US & Canada

Obama 'determined' for action on gun crime, Biden says

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Media captionUS Vice-President Joe Biden says executive action may be taken on the issue of gun control

President Barack Obama is "determined" to curb gun violence, US Vice-President Joe Biden has said, opening high-profile talks on the issue.

Mr Biden, leading the White House effort on gun control policy, said the president could use executive orders.

He spoke as New York Governor Andrew Cuomo proposed a ban on assault weapons and high-capacity ammunition magazines.

The gun-control moves follow last month's deadly shooting in Connecticut that left 28 people dead.

Adam Lanza killed 20 schoolchildren and six adults at a primary school in Newtown after first shooting his mother dead, then took his own life.

Mr Biden said the president was "determined to take action" to reduce gun violence.

'President will act'

"We are not going to get caught up in the notion that unless we do everything we're going to do nothing," Mr Biden told reporters before the meetings with gun-safety and victims' groups began.

"There is a pretty wide consensus on three or four or five things in the gun safety area that could and should be done."

But gun control is a polarising issue in Congress, and Mr Biden warned that Mr Obama would take action independently if necessary, although he gave no specific details.

"We're reaching out to all parties on whatever side of this debate you fall," Mr Biden said. "But the president is going to act. There are executive orders, executive action that can be taken."

The White House has pledged to send its proposals to Congress at the end of January, shortly after Mr Obama is sworn into office on 21 January for his second term.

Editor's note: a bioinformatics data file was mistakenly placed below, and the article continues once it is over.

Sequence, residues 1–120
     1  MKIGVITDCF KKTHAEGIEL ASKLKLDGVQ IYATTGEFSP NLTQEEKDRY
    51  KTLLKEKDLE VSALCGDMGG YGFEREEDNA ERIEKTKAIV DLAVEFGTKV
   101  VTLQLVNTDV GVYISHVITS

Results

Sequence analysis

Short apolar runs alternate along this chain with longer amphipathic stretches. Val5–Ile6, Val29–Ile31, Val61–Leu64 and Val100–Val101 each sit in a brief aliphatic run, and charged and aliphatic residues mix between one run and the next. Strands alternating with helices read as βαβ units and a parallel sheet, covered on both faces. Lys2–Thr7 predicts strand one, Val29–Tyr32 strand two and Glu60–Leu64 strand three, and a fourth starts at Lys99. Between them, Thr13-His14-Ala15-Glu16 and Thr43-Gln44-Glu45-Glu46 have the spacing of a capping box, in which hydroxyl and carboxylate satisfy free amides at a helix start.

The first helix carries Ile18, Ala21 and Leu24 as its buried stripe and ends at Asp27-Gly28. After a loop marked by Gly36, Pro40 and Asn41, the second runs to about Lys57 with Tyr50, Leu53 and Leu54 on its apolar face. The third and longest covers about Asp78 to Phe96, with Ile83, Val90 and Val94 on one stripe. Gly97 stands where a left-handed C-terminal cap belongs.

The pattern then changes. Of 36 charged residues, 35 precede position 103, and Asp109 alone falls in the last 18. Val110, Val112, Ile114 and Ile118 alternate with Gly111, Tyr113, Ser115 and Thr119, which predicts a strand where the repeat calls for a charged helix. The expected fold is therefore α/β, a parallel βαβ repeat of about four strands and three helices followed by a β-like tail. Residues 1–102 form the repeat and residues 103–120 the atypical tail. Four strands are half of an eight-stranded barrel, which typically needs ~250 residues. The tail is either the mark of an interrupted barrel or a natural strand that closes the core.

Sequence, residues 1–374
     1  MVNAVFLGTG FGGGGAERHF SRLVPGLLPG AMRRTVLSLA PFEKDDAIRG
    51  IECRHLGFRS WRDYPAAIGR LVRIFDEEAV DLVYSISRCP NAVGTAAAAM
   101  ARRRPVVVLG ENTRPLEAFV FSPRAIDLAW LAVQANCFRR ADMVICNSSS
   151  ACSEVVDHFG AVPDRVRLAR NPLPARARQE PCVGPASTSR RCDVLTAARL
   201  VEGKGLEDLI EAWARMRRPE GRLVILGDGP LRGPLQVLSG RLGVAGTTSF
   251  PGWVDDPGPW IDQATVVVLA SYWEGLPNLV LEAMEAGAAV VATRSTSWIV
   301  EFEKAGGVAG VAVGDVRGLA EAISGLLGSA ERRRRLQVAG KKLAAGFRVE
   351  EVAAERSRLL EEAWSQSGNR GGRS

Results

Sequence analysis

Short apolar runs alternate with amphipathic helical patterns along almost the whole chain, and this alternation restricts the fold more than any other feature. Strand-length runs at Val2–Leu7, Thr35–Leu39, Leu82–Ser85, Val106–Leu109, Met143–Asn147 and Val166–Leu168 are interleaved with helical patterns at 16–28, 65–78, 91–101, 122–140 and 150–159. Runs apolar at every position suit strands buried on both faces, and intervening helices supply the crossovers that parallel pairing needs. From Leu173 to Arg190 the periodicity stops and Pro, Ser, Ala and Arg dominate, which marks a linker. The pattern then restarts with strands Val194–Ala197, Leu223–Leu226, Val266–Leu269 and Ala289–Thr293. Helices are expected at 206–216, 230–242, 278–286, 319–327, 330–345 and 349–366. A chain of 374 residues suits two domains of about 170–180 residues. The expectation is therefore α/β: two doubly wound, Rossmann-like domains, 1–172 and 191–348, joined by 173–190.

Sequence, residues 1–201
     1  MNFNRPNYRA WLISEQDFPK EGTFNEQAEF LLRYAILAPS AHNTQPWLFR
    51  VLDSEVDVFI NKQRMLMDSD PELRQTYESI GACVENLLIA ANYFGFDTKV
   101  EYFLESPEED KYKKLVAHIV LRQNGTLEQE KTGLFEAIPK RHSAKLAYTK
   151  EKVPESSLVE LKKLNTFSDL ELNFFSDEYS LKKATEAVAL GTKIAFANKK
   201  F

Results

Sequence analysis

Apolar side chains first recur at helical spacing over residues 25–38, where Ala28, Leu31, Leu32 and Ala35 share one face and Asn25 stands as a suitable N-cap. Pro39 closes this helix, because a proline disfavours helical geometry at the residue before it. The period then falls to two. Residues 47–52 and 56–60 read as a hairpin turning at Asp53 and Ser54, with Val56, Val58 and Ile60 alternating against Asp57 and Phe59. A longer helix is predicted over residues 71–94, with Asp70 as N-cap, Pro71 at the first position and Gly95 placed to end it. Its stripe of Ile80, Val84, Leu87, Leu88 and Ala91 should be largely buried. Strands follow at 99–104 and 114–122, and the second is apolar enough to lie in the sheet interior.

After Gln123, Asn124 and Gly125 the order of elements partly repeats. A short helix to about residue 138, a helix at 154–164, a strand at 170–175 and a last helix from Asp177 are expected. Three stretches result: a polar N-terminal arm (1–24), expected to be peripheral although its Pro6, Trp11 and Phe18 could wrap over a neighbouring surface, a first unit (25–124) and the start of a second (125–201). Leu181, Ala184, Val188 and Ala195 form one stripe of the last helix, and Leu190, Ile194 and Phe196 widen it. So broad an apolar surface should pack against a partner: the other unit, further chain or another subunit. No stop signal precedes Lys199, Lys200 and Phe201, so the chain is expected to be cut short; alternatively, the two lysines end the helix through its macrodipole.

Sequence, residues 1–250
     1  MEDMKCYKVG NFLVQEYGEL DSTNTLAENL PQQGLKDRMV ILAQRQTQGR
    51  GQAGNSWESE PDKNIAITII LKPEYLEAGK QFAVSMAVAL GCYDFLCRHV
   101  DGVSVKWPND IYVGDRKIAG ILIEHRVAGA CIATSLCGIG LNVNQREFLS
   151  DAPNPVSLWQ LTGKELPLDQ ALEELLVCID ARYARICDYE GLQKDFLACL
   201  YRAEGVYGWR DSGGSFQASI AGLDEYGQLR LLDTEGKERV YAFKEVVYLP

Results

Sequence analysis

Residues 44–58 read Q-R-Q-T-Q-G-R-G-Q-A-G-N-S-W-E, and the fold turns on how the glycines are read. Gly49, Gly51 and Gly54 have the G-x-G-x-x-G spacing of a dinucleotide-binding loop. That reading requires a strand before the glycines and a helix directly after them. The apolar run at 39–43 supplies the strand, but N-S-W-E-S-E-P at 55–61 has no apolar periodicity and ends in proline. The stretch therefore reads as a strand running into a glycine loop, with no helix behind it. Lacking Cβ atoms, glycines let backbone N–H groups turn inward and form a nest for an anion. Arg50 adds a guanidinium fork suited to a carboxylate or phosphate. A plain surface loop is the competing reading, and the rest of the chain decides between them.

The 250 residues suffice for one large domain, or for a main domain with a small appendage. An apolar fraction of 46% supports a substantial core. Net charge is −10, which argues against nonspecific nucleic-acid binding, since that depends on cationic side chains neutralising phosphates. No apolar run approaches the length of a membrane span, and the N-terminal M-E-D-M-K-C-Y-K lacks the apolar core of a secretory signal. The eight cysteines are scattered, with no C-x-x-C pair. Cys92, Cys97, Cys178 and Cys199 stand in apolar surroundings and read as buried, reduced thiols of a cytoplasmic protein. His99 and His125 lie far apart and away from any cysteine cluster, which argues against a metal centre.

But an assortment of gun-rights groups are planning a Gun Appreciation Day over the inauguration weekend.

They are encouraging gun enthusiasts to visit gun shops, gun ranges and gun shows.

NRA and Walmart

In his remarks, Mr Biden suggested that the White House would consider a range of measures.

The BBC's Paul Adams, in Washington, reports that they would almost certainly include reinstating a ban on so-called assault weapons, as well as a more comprehensive system of background checks on people buying guns.

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Media captionCan a movement that calls for more guns in the US really save lives?

Also on Wednesday, Mr Cuomo, whose state has some of the strictest gun laws in the country, came out in favour of a ban on assault weapons and on high-capacity ammunition magazines.

"Some weapons are so dangerous and some ammunition devices so lethal that we simply cannot afford to continue selling them in our state," he said during his State of the State speech.

Mr Cuomo also called for follow-up checks for people with handgun licences, to make sure they are still qualified to own their weapon, and longer sentences for gun crimes.

He has been joined by New Jersey Governor Chris Christie, who called on policy-makers to examine the US mental health system and broaden access to drug treatment.

Mr Christie also said the impact of violent video games should be examined.

On Thursday, the vice-president is scheduled to meet the National Rifle Association, the powerful pro-gun group.

In the wake of the Connecticut school shooting, the NRA advocated having armed guards at every US school.

Mr Biden will also meet representatives of Walmart, the world's largest retailer and the biggest-seller of guns in the US.

Walmart had initially declined to send anyone to the White House, but a spokesman told Reuters news agency the retailer had "underestimated the expectation to attend the meeting".

In California on Wednesday, the nation's largest teacher pension fund took the first step to divest from companies that manufacture guns and ammunition.

CalSTRS' investment in companies like Sturm, Ruger & Co and Smith & Wesson Holding Corp account for $11.7m (£7.3m) of the system's $155bn portfolio.

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